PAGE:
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Your Next Computer Might Be A Linux PC

laptop battery serviceIt’s the perfect storm. Computer manufacturers have figured out how to produce lightweight, low-end machines that cost very little just as the economy takes a big tumble. Meanwhile, software applications that once needed robust hardware to run are now moving to the cloud. The result? An explosion of netbooks, the “sub-compact” car of notebook computers, most of which don’t cost too much more than the average smartphone.

When buying a netbook today, you’re presented with two options for the OS: Windows XP or Linux. One of those options is less expensive than the other, and that just may be all it takes to get people to choose the Linux machine instead.

Linux Makes Netbooks Even More Affordable

In the rest of the computing world of desktop computers and mainstream notebooks, you’re typically choosing between Windows Vista or Mac OS X, but in the world of netbooks, it’s Linux or XP. Those two operating systems are perfect for netbooks thanks to their lower CPU and power requirements.

For those pinching pennies (and who isn’t these days? ), the Linux netbooks are even more affordable than their XP counterparts, typically falling into the $300-400 range. If you’re already doing most of your computing in the cloud – that is, you use webmail, create and edit documents using a service like Google Docs or Zoho, store your photos online at a site like Flickr, and, most importantly, don’t need to run a bunch of software programs on your desktop, the Linux computer is now looking more like a viable option than before – and one that saves you a bit of change too. Just look at these prices: the Acer Aspire One ($399), the HP Mini 1000 ($379), the Dell Inspiron Mini 9 ($349), and the MSI U90X ($369).

Breaking Into Mainstream

As any Linux fan will tell you, the beauty of this OS is its stability. These Linux machines don’t crash, boot quickly, and are generally known to be all-around reliable computers.

However, there are still a few folks out there who are going to go with the XP option for familiarity’s sake. There’s comfort in knowing that your peripherals will work and that you could run Windows-only desktop software if you needed to. Although there are tons of open source alternative software programs out there, an average computer user isn’t likely to know what those are or how to find them.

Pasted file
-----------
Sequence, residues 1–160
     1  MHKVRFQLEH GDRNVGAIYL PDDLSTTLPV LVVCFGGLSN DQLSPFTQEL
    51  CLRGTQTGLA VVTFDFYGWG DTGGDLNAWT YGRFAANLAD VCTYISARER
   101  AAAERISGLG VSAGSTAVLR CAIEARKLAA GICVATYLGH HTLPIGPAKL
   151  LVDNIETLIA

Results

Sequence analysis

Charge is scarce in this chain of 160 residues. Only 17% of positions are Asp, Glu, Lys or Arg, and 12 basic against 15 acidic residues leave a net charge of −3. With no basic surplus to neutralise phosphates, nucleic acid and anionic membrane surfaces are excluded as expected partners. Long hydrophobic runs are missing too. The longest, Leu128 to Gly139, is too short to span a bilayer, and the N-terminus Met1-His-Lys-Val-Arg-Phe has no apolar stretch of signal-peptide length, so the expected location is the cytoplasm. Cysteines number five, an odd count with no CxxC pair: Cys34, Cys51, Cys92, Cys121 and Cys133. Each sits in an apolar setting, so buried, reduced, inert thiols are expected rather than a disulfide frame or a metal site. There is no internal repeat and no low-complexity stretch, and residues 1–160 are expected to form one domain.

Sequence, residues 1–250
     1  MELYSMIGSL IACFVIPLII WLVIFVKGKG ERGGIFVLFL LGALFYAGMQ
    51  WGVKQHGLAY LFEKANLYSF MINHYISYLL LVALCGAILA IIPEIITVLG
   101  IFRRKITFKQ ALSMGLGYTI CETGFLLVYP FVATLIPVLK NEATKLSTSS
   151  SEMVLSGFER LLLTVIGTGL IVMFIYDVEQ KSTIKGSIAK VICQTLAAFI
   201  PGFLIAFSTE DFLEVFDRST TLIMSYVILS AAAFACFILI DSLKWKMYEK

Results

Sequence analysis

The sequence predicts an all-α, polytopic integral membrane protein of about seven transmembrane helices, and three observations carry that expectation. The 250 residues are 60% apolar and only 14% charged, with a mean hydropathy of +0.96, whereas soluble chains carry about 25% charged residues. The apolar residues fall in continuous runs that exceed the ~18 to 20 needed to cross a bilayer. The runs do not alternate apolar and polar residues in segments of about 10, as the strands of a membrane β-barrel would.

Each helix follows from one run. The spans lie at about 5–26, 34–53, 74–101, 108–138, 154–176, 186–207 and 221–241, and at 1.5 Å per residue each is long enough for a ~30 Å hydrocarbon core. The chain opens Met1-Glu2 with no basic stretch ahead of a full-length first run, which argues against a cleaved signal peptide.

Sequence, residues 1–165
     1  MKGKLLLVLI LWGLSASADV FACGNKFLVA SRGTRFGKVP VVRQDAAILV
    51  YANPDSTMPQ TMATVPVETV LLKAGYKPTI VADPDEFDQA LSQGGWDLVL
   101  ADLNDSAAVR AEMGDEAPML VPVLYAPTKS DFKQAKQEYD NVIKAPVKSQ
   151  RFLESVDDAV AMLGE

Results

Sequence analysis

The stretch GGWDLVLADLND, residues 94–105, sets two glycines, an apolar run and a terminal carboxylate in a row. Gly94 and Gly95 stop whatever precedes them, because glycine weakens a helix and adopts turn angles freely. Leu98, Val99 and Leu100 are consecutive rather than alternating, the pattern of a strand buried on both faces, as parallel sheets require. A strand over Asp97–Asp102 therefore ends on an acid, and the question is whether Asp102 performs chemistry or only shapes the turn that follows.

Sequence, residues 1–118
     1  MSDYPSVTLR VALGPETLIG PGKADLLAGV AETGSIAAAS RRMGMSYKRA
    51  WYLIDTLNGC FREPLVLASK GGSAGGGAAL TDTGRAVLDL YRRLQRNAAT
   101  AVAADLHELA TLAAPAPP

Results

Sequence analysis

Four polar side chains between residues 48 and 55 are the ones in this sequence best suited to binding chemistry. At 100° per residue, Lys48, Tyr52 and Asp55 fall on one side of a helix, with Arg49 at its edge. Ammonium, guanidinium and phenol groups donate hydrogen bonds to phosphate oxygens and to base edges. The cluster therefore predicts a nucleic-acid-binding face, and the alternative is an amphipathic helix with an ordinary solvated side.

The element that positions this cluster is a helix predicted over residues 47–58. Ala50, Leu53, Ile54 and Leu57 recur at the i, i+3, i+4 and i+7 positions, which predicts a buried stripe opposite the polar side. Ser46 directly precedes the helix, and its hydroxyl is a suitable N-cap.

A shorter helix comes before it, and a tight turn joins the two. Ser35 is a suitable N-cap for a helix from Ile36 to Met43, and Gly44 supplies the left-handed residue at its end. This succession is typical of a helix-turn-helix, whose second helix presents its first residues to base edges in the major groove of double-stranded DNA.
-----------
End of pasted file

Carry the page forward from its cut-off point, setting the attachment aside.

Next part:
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Those issues still stand in the way of mainstream adoption, and have led some buyers to return their PCs to the manufacturers. An MSI executive, Andy Tung, recently reported on the high return rate of the Linux machines, saying: “Our internal research has shown that the return of netbooks is higher than regular notebooks, but the main cause of that is Linux. People would love to pay $299 or $399 but they don’t know what they get until they open the box. They start playing around with Linux and start realizing that it’s not what they are used to. They don’t want to spend time to learn it so they bring it back to the store. The return rate is at least four times higher for Linux netbooks than Windows XP netbooks.”

The Linux PCs may also end up getting a run for their money when Windows 7 is released to the wild as that OS is netbook-ready and easy on the CPU, memory, and battery use tips, according to the news coming out of this year’s PDC.

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Linux Gets A Foothold

That being said, this move to netbook computing is offering Linux a foot in the door of mainstream computing in a way that may have never been possible before. Without the economic crisis to factor in to people’s spending decisions, people probably wouldn’t have considered the Linux option as strongly as they’re doing today. When every dollar saved counts, the decision to go Linux may be more about cost savings than anything else, but that might be what it takes to get people to try the OS computer geeks have been raving about for years.

Are you going to buy a Linux or XP netbook? If so, tell us which ones you like and what’s factoring into your decision.

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